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Why airlines make losses and KQ is in good company

FACT CHECK
By Macharia Kamau | April 12th 2021

The International Air Transport Association (Iata) in February termed 2020 the “Worst Year in History for Air Travel Demand” when it published its full-year report for the combined airline industry.

Due to Covid-19, Iata said African airlines are estimated to have reported a Sh218 billion loss. The global aviation industry is estimated to have lost Sh40.3 trillion ($370 billion).

However, the losses did not start with Covid-19. Many carriers world over have always relied on government bailouts to stay afloat. In 2019, the African airline industry reported a Sh32.7 billion ($300 million) loss, a trend that has persisted for years.

[Graphics: The Standard]

Middle Eastern carriers, which have built credibility for high quality service, reported a loss of Sh164 billion ($1.5 billion) in 2019, worsening in 2020 due to Covid-19 to jump to Sh774 billion ($7.1 billion).

KQ recorded a Sh36.2 billion loss in the year to December 2020 from Sh12 billion in 2019. There have been numerous efforts to bail it out.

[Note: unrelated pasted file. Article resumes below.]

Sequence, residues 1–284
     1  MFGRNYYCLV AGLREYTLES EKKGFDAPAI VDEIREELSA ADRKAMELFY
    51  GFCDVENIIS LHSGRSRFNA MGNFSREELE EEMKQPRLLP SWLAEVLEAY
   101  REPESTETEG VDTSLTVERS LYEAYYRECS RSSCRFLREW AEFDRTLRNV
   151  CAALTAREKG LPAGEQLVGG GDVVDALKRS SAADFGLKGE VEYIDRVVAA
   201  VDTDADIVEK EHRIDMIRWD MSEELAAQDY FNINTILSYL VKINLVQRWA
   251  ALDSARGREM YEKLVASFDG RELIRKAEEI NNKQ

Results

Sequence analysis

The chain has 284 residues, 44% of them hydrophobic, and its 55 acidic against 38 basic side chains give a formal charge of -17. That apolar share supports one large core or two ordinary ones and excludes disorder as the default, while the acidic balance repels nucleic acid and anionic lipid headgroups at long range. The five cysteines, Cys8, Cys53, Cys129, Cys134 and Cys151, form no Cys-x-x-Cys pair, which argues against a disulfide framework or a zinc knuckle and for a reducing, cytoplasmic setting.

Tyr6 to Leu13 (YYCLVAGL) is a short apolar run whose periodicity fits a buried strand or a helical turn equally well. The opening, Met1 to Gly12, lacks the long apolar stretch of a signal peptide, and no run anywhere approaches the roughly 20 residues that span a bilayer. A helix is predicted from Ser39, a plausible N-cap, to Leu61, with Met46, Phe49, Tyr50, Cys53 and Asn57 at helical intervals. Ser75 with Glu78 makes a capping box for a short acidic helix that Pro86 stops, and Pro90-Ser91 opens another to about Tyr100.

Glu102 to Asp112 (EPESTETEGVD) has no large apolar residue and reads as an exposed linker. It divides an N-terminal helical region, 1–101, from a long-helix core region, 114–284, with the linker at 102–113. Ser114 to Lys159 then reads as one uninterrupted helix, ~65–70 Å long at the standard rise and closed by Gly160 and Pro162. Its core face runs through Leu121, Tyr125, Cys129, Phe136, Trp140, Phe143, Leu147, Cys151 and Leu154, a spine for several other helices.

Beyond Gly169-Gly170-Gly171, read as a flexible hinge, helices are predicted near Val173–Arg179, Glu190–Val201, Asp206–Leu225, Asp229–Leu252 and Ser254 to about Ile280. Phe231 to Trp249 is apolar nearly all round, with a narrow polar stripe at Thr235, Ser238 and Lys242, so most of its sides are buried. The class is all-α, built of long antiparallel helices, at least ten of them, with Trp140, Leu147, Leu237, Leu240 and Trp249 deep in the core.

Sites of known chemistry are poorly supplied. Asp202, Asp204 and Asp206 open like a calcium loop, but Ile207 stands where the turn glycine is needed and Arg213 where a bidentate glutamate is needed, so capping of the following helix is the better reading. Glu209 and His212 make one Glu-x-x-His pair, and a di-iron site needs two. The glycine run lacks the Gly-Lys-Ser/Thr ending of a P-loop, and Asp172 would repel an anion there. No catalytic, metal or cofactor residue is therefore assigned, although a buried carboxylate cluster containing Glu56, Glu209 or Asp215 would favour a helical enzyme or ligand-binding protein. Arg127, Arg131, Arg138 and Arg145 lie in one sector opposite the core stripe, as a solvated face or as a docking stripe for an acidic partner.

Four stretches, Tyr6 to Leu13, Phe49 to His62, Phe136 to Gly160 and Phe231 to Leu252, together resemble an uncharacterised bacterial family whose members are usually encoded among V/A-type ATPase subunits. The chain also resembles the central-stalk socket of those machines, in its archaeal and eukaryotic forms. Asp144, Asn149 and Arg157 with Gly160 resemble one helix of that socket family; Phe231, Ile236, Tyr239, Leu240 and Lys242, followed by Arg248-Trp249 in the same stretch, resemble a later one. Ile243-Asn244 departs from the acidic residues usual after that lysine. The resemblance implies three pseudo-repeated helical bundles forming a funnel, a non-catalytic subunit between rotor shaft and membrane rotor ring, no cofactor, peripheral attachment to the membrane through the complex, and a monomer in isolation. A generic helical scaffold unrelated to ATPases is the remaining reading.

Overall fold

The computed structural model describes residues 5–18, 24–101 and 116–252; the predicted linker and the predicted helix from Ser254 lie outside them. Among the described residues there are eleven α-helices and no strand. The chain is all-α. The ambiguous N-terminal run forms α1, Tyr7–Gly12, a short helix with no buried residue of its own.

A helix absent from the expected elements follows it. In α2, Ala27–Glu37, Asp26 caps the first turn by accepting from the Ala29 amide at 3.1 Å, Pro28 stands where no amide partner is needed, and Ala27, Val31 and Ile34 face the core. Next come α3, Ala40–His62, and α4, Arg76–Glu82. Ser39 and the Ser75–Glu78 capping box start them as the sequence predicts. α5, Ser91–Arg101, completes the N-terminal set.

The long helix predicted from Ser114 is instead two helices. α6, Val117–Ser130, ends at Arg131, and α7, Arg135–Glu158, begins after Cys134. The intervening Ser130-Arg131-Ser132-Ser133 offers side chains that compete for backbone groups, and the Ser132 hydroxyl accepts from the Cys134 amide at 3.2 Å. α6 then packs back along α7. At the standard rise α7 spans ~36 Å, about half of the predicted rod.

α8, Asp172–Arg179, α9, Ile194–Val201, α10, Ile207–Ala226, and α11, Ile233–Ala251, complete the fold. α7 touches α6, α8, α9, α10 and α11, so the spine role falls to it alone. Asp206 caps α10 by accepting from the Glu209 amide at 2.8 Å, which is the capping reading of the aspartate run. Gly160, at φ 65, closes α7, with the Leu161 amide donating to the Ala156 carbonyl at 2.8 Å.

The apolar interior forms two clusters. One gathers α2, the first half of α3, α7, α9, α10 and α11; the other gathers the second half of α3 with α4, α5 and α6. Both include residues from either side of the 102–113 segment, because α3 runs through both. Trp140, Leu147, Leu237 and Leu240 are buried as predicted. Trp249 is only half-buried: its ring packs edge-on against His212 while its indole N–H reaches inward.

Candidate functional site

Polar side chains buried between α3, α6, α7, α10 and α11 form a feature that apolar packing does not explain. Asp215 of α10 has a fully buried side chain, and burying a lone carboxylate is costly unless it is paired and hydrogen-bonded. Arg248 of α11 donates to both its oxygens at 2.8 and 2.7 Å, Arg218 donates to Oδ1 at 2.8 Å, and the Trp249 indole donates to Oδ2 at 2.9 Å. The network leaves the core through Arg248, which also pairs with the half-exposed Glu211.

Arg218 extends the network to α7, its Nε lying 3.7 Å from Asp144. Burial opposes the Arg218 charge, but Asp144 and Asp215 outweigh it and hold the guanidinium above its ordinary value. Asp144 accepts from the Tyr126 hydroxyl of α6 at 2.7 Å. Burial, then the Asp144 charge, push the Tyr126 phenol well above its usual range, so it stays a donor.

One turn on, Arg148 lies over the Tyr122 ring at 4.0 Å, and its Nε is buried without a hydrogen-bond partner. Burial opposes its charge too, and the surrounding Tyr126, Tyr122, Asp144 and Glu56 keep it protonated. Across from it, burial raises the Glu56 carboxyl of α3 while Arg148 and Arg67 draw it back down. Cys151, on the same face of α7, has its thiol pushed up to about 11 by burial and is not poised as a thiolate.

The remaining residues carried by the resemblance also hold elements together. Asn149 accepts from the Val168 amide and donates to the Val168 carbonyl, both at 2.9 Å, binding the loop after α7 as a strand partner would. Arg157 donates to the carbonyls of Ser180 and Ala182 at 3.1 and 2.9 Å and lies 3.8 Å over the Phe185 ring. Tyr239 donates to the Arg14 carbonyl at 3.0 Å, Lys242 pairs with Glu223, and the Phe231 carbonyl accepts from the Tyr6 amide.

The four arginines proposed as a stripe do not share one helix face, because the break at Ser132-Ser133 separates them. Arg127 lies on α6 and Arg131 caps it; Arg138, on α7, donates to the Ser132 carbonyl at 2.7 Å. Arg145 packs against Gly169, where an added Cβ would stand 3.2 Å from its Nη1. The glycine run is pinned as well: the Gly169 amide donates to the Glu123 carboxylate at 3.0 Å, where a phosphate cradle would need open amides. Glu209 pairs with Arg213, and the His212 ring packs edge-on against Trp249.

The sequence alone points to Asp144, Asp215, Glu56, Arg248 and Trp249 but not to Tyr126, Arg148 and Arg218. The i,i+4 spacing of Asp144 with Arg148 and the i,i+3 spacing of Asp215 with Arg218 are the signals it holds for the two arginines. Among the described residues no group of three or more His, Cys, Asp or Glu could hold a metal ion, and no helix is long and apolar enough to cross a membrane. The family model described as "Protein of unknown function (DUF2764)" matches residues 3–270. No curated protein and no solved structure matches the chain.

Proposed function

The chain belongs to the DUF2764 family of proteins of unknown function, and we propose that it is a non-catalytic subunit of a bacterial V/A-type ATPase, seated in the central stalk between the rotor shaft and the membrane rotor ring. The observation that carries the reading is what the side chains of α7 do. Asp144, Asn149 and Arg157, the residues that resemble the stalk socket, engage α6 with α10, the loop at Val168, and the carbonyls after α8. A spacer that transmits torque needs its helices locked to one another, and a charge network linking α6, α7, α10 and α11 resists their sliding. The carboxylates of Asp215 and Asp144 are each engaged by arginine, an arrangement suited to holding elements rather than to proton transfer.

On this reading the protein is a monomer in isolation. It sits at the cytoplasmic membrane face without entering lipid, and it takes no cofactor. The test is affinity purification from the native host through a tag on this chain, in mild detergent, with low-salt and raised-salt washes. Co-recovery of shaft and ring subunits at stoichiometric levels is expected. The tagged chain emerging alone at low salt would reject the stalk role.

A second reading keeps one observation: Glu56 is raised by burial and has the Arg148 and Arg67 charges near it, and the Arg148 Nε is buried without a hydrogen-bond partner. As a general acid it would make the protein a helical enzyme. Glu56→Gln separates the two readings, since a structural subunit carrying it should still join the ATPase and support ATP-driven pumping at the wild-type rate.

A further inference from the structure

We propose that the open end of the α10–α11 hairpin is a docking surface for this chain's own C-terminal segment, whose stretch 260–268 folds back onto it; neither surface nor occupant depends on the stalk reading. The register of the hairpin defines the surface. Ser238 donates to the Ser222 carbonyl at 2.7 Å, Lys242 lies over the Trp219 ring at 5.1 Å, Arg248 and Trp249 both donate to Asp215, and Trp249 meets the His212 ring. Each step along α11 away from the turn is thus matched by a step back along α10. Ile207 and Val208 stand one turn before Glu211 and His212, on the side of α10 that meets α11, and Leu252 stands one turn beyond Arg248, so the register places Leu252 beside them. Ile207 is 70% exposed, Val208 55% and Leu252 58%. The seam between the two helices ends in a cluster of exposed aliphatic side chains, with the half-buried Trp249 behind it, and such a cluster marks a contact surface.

South African Airways reported a loss of Sh37 billion in 2019. It has been running on a loss since 2011. The South African government is evaluating modalities of bailing it out.

What are the key costs?

There are high costs in running an airline, key among them is that of owning a fleet of aircraft. KQ paid Sh28 billion in fleet ownership costs, which included payment for leased planes or loans for some.

Another factor is fuel. KQ spent Sh10 billion on aviation fuel and oil yet fuel costs were fairly favourable due to Covid-19, which led to reduced demand. KQ spent Sh33 billion on fuel the previous year. Airlines also have to work with a huge number of employees. KQ spent Sh13.6 billion on workers, which was a reduction compared to Sh17 billion in 2019. The reduction followed layoffs last year.

Why do governments keep investing?

Kenyans have heard this time and again; that airlines, more so national carriers, are strategic assets. The carrier, the government has argued, feeds other industries that bring in much more than the losses it incurs. 

It is also said the airline can be profitable when the government-owned aviation assets are put together, a proposal in the National Aviation Management Bill currently being discussed in Parliament.

The law brings such entities as Kenya Airports Authority and KQ under one holding company. Pride is another reason why unprofitable carriers continue to fly.

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